Join Canberra photographer and curator Kirsten Wehner for an intriguing four-hour photo-walk along Weston Creek as it traces its route from Cooleman Ridge to join the Molonglo River. Learn about this oft-overlooked landscape’s intriguing history, ecological significance and role in Canberra’s cityscape, and experiment with using your camera to capture its unique character and atmosphere.
Suitable for ages 16+. You’ll need to be able to comfortably walk for around 5 km. All levels of photography experience are very welcome.
This event is FREE but numbers are strictly limited so registration is essential. Please enrol below.
Water Walks is a PhotoAccess initiative presented by the Where You Are Festival with the support of the ACT Government.
After the walk, you’ll be invited and supported to contribute some of your Weston Creek images to a PhotoAccess exhibition and online gallery drawing together artworks from across the Water Walks program. Participants from all three program walks will contribute their experiences, with participating writer Cmeron Muir adding a linking narrative. We may even produce an accompanying soundscape!
Installed as Water Walks in the Manuka Arts Centre gardens, as well as featured on PhotoAccess’ online gallery, this show will open with a gala launch on Saturday 29 August, 2-5pm, and close on Sunday 6 September at 4pm. The opening will also be streamed live via Facebook.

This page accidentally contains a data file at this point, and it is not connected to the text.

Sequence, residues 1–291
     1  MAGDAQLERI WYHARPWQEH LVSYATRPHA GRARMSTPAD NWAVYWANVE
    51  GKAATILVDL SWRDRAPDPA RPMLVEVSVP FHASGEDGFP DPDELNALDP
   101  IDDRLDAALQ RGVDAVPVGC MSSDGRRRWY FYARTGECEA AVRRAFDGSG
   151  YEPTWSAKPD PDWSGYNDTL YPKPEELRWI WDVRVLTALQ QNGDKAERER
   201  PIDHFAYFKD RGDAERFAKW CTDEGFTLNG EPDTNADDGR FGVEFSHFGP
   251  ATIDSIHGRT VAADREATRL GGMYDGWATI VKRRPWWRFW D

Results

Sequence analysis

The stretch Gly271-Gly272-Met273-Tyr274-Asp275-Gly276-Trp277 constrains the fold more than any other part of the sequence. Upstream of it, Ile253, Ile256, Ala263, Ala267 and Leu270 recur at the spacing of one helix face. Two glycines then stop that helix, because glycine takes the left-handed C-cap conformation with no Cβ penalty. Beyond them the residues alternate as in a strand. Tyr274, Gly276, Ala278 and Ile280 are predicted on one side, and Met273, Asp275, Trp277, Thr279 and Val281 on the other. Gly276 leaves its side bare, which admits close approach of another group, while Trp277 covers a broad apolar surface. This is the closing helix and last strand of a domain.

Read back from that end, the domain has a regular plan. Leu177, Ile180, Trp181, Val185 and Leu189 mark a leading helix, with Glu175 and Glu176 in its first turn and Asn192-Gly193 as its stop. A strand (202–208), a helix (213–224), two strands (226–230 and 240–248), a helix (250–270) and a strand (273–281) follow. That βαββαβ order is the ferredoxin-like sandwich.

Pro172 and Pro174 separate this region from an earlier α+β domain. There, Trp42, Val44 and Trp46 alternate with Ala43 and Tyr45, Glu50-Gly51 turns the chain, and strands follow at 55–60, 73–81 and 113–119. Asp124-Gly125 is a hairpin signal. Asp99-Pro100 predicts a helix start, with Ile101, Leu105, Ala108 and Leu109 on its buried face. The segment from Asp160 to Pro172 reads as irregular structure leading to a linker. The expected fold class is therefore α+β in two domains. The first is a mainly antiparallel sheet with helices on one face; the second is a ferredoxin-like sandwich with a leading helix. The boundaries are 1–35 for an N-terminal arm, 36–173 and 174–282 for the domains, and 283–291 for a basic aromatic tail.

Saturday 1st August, 1 – 5pm
Meet at the gravel carpark adjacent to North Weston Ponds, off Kirkpatrick St, Weston, 2611. Please arrive by 12.45pm to ensure a prompt 1pm start.
Kirsten Wehner is a Canberra-based photographer, curator and narrative designer with a passion for exploring and transforming people’s inter-relationships with the non-human world. Originally trained as a visual anthropologist, Kirsten has produced a wide variety of image-centred projects including collections, exhibitions, public events and online experiences. Kirsten is the Director of PhotoAccess.
Cameron Muir is a Canberra-based writer and environmental historian. His essays and features have appeared in Griffith Review, Meanjin, Inside Story, Overland, The Guardian, Australian Book Review, and Best Australian Science Writing, among others. His work has been shortlisted for the NSW Premier’s History Awards, the Eureka Prize for Science Journalism, and the Bragg Prize for Science Writing. Cameron is co-editor with Kirsten Wehner and Jenny Newell of the forthcoming literary anthology, Living with the Anthropocene: Love, loss and hope in the face of environmental crisis (NewSouth, Oct 2020).
Hannah is the Urban Water Educator for Southern ACT Catchment Group. An environmental engineer with a passion for sustainability and water, she works closely with the ACT Government, Landcare ACT, Parkcare and Landcare groups and rural landholders to deliver a variety of environment programs. Currently, she is promoting the Healthy Waterways sites and improving understanding of stormwater pollution within the community. She loves working with people to create better outcomes for the environment and to teach people how wetlands, and rain gardens work to improve the quality of water. Hannah is also a member of Friends of Yass Gorge and a volunteer for Waterwatch in the Yass region and is currently completing her Masters of Integrated Water Management.
Registration for this event has now closed.